Stills V3

June 14, 2009

Meadow buttercup

Filed under: Doonster — doonster @ 09:44

Meadow buttercup, Swaledale, June 2009

One from the recent workshop, my first ever proper macro attempt.



  1. the one thing I find really helps flower macros is paying a lot of attention to the background and background colours. Small moves make big changes. he grey doesn’t do much for me, here, where a more consistent green might have worked wonders.

    Comment by Gordon — June 15, 2009 @ 18:39

  2. Ah, the ubiquitous buttercup with its highlight-challenging yellow – well controlled in this case. There are fields of them here where they thrive in the lime-depleted soil.

    I can see the objection to the grey although I’m not sure it would have registered in such a way if it hadn’t been pointed out to me. The further flower, though, looms large despite it fitting the laws of perspective: it feels as though it is going to mug the nearer one.

    Comment by John Ellis — June 17, 2009 @ 06:43

  3. I like the gray, helps keep this from spinning off wildly into an overly colorful world.

    Comment by matt — June 19, 2009 @ 12:51

  4. I quite like the large out-of-focus flower in the background. It seems to almost shadow the in-focus blossom up front. I am drawn to yellow flowers and they certainly are a challenge, aren’t they?

    Not that I have mastered macro photography by any means, but I wish I had done so well on my “first ever proper macro attempt”.

    Comment by Anita Jesse — June 20, 2009 @ 02:47

  5. A pleasing composition and I enjoy the flower detail. I have no objection to the grey background tone. As mentioned, yellow is “highlight-challenging” — the left side of the flower is still a bit too “hot” for my taste. I would prefer to see more detail and depth of field there, too, though I realize how tricky a balancing act that can be.

    Comment by Christina — June 20, 2009 @ 17:34

  6. A little bit more space between the front flower and those at the back?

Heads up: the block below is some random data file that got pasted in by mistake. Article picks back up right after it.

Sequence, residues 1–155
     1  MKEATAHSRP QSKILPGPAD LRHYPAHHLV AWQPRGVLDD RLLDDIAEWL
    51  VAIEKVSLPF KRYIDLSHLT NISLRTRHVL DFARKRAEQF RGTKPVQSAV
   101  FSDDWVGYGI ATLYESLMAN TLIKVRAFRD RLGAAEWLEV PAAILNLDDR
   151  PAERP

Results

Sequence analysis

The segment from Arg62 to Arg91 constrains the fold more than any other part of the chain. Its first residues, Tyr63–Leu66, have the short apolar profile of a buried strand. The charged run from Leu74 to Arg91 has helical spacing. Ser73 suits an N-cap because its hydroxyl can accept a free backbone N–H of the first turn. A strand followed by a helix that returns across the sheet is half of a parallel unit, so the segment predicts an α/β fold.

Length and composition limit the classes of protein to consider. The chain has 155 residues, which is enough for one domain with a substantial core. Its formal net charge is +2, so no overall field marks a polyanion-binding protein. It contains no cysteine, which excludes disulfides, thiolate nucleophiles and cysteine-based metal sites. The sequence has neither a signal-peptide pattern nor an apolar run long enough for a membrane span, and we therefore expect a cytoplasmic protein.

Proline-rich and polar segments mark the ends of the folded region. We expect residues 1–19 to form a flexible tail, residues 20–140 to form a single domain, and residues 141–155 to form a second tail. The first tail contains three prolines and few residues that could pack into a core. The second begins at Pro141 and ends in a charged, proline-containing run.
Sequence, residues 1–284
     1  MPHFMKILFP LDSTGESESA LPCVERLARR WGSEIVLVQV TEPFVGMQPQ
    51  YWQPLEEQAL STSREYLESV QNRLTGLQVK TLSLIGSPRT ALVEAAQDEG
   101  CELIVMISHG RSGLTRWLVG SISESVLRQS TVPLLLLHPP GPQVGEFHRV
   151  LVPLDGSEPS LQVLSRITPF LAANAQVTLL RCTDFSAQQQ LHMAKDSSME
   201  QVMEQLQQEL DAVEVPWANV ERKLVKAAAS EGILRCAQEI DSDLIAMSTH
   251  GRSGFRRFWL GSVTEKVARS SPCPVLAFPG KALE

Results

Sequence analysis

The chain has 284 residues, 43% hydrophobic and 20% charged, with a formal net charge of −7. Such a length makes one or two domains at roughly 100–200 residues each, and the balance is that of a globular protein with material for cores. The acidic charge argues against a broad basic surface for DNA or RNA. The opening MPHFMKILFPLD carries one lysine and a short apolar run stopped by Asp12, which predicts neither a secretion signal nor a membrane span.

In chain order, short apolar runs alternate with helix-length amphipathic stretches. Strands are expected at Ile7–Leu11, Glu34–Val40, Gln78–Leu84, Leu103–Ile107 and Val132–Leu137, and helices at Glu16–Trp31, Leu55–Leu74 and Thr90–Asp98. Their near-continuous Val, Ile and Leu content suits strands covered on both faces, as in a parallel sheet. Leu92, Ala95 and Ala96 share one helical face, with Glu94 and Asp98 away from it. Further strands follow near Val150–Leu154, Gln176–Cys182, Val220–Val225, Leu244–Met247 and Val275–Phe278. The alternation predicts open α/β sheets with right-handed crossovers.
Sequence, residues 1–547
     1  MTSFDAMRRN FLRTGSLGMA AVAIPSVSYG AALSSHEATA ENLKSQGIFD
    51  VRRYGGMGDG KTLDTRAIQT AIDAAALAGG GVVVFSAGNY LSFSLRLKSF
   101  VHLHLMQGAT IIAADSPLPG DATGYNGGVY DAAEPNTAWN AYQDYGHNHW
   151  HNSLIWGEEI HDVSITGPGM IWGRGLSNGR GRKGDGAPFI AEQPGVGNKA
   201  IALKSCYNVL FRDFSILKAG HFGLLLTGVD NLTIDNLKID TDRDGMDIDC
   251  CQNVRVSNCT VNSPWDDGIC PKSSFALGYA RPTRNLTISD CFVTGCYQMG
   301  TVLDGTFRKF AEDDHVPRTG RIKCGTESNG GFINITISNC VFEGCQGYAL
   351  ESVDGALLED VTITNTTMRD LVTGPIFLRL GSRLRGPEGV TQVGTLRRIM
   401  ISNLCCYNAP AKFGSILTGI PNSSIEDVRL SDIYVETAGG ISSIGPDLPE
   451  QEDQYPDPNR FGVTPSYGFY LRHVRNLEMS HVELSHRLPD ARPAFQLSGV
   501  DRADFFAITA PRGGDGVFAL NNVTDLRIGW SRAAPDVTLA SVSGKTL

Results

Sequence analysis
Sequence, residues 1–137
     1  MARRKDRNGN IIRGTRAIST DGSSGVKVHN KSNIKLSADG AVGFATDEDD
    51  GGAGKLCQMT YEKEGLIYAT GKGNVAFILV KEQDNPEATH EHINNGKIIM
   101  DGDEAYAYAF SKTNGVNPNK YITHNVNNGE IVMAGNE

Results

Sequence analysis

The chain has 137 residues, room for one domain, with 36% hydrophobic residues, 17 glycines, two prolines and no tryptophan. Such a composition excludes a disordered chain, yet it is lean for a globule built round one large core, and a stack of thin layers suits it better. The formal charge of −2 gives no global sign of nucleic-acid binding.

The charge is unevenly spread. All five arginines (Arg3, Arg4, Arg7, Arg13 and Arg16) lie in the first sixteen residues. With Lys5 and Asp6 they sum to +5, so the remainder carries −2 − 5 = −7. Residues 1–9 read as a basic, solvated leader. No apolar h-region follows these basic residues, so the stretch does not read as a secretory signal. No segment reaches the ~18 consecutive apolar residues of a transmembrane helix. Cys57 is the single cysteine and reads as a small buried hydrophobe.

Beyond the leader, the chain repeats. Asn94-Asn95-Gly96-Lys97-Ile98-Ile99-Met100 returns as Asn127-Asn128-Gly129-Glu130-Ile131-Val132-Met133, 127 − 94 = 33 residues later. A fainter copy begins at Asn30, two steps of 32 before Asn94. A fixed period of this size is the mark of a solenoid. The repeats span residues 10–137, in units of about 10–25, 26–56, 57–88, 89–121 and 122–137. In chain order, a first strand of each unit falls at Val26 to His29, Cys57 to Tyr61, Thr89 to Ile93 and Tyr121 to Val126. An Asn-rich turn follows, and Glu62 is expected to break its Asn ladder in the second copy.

The colours, including the gray, works well. I’d have liked a little more detail in the yellows.

    Comment by Colin — June 21, 2009 @ 16:44

  7. I cannot claim to be able to do this type photography but I’ve been to several lectures and the hot yellow and hard shadows can be reduced with a net curtain!

    Apparently pegs, steel wire and curtains are used. The steel wire and pegs are used to hold the stems of flowers still to permit longer exposures. The curtains are used to prevent direct sunlight and provide a bit of diffusion. The curtains also reduce the effect of the wind. Also in the macro photographers tool kit is the circular reflector that you can crunch up in your pocket. Another tip is never do this in bright sunlight.

    The composition of this is interesting with its three flower heads physically and DoF separated. The background is OK by me.

    Comment by Rex — June 22, 2009 @ 21:29

  8. A strong first effort. I’m left thinking that three may be a crowd in this one though as I quite like the open/close play going on and that further back open one is hogging to much attention and not adding to the play.

    Comment by akikana — June 25, 2009 @ 01:07

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